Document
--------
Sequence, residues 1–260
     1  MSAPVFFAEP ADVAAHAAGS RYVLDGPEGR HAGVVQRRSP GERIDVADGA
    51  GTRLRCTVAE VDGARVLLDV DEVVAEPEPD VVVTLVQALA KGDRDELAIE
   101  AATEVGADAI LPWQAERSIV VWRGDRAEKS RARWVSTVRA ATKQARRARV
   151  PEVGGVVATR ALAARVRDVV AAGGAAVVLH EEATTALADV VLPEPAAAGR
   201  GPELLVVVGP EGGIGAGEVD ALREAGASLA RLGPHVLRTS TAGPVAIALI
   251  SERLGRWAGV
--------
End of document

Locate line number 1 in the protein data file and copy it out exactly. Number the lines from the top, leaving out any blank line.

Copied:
Sequence, residues 1–260